clarify cbdDecember 15, 2021
We have discussed CBD with various trade bodies and many other organisations involved in the novel food and CBD industry. We will continue to do so. While it is important that we understand their views, we have not in any way endorsed any specific trade body’s approach to the route to compliance for CBD extract products.
We have advised local authorities that businesses can continue to sell their existing CBD products during this time, provided they:
Submitting an Article 4 request will not alter any enforcement position and offers no protection against enforcement for unauthorised novel foods placed on the market.
Submitting an Article 4 consultation request does not mean unauthorised novel products are permitted on the market. If a business submits an Article 4 request, they are expected to have not placed the products on the market until an answer is formed. This is not what has happened with CBD extract products as there are hundreds of products on the market without authorisation.
If you buy CBD products from others, you must ensure these products are correctly authorised, and that you only use them in ways described in the authorisation.
Safety of CBD products.
If any business believes they have a significant history of consumption for their CBD extracts from before May 1997, they should follow the consultation process on the novel food page.
Once a CBD product is authorised that authorisation applies to that product only. This means using the same detailed production methods, for the exact same uses as described within the authorisation, and using the same safety evidence base.
CBD is one of many chemicals called cannabinoids. It is found within hemp and cannabis.
Article 4 of the Novel Food Regulations provides a consultation process for a business to check if their product is novel or not. An Article 4 submission is not a route to compliance for any novel food, including CBD.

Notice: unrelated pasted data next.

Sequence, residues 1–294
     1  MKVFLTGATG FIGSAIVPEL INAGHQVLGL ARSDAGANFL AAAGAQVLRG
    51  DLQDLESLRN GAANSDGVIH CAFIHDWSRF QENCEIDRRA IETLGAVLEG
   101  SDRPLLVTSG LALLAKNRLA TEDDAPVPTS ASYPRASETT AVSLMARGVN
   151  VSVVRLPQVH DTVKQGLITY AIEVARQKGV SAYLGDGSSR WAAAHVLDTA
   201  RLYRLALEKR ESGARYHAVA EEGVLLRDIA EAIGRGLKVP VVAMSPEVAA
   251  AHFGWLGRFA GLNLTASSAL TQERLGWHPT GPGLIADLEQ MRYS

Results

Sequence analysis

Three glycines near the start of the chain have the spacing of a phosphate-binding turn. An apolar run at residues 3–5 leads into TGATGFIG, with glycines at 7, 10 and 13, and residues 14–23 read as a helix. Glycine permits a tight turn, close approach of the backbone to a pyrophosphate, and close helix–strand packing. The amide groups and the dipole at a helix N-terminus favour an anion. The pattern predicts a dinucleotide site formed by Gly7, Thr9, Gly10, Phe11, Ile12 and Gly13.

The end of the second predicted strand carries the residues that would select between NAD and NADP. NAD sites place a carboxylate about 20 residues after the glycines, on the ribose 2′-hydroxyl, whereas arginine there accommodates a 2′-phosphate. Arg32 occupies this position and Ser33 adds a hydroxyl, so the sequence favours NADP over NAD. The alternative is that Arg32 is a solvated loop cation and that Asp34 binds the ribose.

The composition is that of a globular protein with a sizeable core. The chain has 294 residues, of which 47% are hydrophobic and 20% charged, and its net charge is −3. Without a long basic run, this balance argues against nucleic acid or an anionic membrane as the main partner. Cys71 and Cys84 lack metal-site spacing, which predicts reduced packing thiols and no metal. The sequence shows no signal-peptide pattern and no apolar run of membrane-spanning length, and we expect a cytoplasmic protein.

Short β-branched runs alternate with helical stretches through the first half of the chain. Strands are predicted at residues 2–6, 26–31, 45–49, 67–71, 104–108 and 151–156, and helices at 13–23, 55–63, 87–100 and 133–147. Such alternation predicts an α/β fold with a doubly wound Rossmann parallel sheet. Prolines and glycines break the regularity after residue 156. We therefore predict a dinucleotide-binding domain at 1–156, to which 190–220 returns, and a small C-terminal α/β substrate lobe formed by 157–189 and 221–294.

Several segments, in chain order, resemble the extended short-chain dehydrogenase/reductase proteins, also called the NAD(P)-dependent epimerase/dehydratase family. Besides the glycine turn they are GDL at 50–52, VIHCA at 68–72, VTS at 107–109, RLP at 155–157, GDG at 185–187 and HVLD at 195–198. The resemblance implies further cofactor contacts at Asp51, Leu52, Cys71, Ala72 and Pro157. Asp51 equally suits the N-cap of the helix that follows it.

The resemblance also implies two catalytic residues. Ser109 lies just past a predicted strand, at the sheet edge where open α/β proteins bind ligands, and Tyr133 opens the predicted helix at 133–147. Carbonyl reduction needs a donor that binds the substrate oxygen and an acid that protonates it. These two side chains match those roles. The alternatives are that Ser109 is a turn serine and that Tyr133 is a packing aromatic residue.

An important part of any application will be a consideration of the product’s safety. Applicants will need to include details of the toxicological studies they have undertaken, or propose to undertake with clear details of the reasoning for these particular tests. Where all information isn’t available at the time of submission, a justification for the delay and when results will be available must also be included. Without such information it is unlikely we will be able to validate an application.
The deadline applies in England and Wales. Novel foods regulations in Scotland are covered by Food Standards Scotland.
Businesses need to submit novel food authorisation applications by 31 March 2021 .
CBD extracts can be derived from most parts of hemp or cannabis plants. They are selectively extracted, concentrating CBD and removing or reducing other chemical components. This process means the final product is different from hemp.
However, no new CBD extracts or isolates, including new brands, should be sold until they have the necessary authorisation. A validated application is not sufficient to put new products on the market.
Sellers of CBD should be aware of this information and be able to inform consumers on the recommended dose for healthy adults, and the potential risk to those who are pregnant, breast-feeding or taking medication.